We were more at home during the corona crisis than ever. Within three weeks of announcing the first lockdown, the university was able to offer education digitally. People all over the world learned to use Zoom and Teams. Home offices were installed and home suits purchased. For some people, this had major disadvantages, such as those who do not have a good, quiet place at home. For others, it had its advantages, e.g. in saving travelling time. What did being at home give us, and will we continue to work at home after the corona crisis?
More inequality within families
Prof. Dr. Renske Keizer
"I expect existing inequalities to be magnified in this period."
With primary schools and childcare facilities closed, more care tasks came into the home. Renske Keizer, professor of family sociology at the Erasmus School of Social and Behavioural Sciences, investigates family functioning before and during the coronacrisis. Fathers say they care more, but this only applies to highly educated parents. And mothers do not say they care less. "What we know from the literature on the distribution of care responsibilities is most likely not to be extrapolated to this crisis," she says in an interview in Trouw. And also that the experiences of lower and higher educated parents will be very different in this period. Her COVID research into work-family conflicts concluded that work-family and family-work conflicts have increased, but that parents do not allow this to negatively influence their parenting practices.
Renske Keizer in the news
"I do think we are in the process of learning skills around working from home that we can continue to use."
Laura den Dulk, Professor of Public Administration at ESSB, is researching the work-life balance at three large public organisations. In the middle of her research, people were forced to sit at home because of lockdowns. A preliminary result is that inequality between groups of people becomes much more apparent. Where one group was satisfied with working at home, about one third of the people were much less satisfied than before the lockdown. Nevertheless, she suspects that partly working at home will become the norm. "In my research, people also say: I'm not going to travel halfway across the country for a meeting anymore, if we can video call. If people can decide for themselves what suits their situation and needs, this can lead to a better work-life balance."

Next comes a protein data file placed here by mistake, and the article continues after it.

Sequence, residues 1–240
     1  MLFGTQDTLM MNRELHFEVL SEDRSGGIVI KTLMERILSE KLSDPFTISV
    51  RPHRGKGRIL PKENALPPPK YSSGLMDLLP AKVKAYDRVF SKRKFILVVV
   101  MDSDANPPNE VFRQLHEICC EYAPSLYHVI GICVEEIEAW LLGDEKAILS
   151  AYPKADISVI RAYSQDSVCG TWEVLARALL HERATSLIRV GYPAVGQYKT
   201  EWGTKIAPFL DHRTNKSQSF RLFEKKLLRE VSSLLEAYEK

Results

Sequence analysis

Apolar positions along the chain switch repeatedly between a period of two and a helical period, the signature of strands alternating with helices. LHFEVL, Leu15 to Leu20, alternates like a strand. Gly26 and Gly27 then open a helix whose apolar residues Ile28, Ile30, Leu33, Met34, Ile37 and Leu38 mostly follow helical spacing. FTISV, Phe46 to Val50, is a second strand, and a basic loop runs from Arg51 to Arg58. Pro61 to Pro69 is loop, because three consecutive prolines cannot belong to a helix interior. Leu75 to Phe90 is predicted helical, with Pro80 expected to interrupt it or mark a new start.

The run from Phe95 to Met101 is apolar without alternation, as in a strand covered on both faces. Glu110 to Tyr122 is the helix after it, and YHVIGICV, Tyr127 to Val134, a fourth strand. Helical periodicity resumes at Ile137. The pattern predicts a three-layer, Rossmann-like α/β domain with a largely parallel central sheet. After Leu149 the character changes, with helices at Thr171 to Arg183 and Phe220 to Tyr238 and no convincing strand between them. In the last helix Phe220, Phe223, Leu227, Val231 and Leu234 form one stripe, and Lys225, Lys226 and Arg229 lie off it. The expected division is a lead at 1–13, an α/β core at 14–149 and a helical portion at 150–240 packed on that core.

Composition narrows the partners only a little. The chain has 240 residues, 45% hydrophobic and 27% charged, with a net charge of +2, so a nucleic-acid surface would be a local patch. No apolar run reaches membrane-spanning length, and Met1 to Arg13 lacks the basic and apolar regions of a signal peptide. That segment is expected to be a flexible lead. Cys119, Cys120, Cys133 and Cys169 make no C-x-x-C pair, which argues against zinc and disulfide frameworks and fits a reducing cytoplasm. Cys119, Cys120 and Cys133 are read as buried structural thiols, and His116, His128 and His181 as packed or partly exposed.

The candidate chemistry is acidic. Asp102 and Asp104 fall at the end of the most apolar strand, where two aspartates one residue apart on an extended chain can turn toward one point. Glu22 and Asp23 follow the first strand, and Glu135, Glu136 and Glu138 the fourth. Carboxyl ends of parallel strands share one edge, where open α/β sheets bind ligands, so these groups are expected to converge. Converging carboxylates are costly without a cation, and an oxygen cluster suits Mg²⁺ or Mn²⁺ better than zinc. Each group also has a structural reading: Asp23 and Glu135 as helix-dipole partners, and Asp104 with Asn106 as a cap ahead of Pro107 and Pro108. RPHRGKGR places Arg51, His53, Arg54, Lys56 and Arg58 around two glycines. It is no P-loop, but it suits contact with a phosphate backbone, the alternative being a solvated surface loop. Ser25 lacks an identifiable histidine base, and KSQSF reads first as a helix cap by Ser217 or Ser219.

Laura den Dulk in the news
"People started working fewer hours and also got less done in those hours."
People worked less than usual in the corona year, is one of the results of a study by Professor of Health Economics Job van Exel, from the Erasmus School of Health Policy and Management. This decrease in work was greatest among singles without children and separate workplaces. And: women spent more extra time than men on unpaid work such as caring for children and home education.
Van Exel, together with Samare Huls, Merel van Hulsen and Charlotte Dieteren, also conducted research into compliance with the corona rules among the Dutch population. A significant part of the population voluntarily complied with advised rules, this was more true for people who consider the consequences of their behaviour for others and the future important. Ongoing studies at ESHPM concern for instance willingness to vaccinate, priority for vaccination and preferences for a corona passport.
Job van Exel in the news
"Employers should always have a home working protocol"
For a while, working from home seemed to be a temporary stopgap measure; it soon became clear that a large part of 2020 and even 2021 would be spent working from home. Ruben Houweling, professor of labour law at Erasmus School of Law, was inundated with labour law questions from all sides during the corona crisis. What are the rights and obligations of home workers? Are you entitled to a company computer? Can an employer call in at any time to see what you are doing? What obligations are there? Houweling: "There needs to be more legislation about working from home, and employers need to draw up working from home protocols. And most importantly: employers and employees must continue to talk to each other about expectations."
For those asking questions, he developed a webinar on the Temporary Emergency Measures for the Preservation of Employment (NOW). He also collaborated on an educational series called 'Casa Loco': to make online lectures more interesting and interactive for students working from home. In journals such as the Monthly Law Journal (Maandblad voor Vermogensrecht), he published articles on so-called 'Emergency Employment Law'.